Should I Put My Life Insurance in Trust?

Published / Last Updated on 17/06/2021

Research by L&G back in 2018 found that 90% of life insurance policies that were not in trust and may be more beneficial to be placed in trust.

A legal Trust is about the ownership of any benefit or asset by a trusted person on behalf of another (the beneficiary).  The use of trusts actually started with 10th Century monks who took a vow of poverty with all assets held in trust for the benefit of others.  You are TRUSTING somebody (the trustee) to look after the wealth.

Not In Trust

If you life insurance policy is not in trust, it means that on your death, the life insurance will be included in your estate for inheritance tax calculations with taxes needing to be paid to HMRC before probate is granted and eventually be paid out to your estate,  Your loved ones may have to wait some time to access the life insurance funds.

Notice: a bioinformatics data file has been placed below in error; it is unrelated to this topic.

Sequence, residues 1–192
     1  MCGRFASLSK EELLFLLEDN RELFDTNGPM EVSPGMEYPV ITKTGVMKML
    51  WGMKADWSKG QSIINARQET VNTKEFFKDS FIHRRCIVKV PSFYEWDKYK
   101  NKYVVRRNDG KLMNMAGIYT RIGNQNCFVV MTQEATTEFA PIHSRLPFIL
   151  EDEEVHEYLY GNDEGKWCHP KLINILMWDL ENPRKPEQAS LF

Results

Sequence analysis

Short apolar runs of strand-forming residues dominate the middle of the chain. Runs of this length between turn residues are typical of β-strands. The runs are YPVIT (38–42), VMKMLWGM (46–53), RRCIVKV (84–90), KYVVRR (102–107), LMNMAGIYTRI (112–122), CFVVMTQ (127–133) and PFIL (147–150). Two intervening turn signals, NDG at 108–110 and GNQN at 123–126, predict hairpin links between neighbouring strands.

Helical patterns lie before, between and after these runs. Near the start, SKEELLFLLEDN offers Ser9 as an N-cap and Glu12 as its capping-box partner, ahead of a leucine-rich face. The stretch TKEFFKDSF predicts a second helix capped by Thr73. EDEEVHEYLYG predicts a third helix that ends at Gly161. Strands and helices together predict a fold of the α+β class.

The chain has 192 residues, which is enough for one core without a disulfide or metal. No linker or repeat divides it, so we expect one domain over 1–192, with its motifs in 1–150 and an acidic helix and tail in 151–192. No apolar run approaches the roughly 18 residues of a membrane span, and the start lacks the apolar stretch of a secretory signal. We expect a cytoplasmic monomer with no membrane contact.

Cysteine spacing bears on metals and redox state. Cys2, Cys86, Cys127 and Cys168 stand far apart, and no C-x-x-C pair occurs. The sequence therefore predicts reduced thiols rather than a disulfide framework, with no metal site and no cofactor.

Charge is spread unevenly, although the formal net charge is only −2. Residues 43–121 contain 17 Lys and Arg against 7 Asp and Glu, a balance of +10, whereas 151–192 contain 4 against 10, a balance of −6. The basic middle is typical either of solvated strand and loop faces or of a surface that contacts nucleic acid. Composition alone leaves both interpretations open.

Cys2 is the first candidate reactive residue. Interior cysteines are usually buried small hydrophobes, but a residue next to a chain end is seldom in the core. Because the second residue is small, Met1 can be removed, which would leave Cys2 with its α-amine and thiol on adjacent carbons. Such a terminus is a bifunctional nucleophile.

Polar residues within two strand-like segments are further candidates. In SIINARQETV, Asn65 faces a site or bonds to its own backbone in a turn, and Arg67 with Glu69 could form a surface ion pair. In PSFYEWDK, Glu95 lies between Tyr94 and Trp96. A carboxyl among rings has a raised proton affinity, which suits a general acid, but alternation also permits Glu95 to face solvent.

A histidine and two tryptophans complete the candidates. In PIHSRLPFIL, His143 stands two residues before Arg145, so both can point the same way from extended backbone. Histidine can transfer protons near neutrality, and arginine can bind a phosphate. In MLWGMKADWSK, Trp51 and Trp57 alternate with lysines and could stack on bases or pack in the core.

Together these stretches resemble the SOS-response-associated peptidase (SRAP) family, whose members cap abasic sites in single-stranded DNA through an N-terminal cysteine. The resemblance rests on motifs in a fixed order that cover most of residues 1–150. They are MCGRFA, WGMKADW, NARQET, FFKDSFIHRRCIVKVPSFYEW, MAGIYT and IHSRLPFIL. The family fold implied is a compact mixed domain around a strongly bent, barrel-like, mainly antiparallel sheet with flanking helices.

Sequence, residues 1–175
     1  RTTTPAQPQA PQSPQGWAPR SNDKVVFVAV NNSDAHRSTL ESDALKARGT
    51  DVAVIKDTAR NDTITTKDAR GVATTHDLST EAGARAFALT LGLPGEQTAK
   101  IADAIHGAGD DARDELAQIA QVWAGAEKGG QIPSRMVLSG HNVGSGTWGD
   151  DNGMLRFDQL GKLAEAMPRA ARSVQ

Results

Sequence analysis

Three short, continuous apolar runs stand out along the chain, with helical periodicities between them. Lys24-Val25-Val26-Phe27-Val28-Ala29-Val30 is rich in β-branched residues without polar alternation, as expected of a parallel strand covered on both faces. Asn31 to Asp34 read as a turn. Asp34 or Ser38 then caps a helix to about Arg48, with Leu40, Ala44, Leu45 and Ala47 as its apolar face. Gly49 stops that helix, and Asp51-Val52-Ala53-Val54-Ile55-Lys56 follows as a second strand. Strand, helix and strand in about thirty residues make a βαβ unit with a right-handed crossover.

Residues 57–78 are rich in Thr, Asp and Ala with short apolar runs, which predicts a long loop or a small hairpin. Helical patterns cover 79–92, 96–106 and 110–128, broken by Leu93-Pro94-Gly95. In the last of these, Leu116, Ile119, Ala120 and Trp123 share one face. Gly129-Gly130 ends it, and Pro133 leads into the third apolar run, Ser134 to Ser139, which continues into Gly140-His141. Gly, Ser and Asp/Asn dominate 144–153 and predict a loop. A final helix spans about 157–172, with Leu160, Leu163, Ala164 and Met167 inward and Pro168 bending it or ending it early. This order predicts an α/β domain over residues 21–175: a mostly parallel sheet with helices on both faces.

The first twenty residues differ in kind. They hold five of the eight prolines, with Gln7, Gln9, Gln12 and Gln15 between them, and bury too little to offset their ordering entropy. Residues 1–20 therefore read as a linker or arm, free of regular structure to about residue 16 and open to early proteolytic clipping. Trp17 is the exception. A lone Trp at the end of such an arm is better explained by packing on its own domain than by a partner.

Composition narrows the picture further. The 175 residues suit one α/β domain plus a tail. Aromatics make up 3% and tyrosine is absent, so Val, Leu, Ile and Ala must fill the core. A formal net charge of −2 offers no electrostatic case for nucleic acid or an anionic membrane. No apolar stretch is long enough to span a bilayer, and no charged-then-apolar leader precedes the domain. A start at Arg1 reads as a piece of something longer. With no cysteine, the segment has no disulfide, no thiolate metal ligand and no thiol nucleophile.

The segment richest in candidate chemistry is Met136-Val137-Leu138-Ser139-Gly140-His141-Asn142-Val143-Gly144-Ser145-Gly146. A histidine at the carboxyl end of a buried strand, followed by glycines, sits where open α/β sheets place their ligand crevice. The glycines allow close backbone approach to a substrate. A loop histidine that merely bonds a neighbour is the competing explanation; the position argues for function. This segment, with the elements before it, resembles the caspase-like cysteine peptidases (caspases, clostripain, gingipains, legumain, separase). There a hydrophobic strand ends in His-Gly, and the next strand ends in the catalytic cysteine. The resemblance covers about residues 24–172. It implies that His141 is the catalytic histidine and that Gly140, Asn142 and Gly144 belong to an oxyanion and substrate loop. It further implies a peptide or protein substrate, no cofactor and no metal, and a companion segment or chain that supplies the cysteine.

Life Insurance in Trust

A simple trust document is usually no more than two sheets of A4 paper.   It includes your details, the trustees details and the beneficiaries details.  Once in trust, you no longer own the benefits of the life insurance policy, your trustees do on the behalf of the beneficiaries.  This also means that on death, it does not for part of your estate so will not be included for inheritance taxes.  In addition, the insurance company will not need to wait for probate to be granted meaning benefits are paid out to loved ones sooner.

Types of trusts

There are many types of trust although the most simple ones for life insurance will be

  • Bare/Absolute trusts – where the beneficiaries cannot be changed
  • Flexible/Power of Appointment trusts – where the ‘squad’ i.e.  broad range of beneficiaries is defined and then the team selected from the squad i.e.  the named beneficiaries (that can be changed to another provided they are in the squad)

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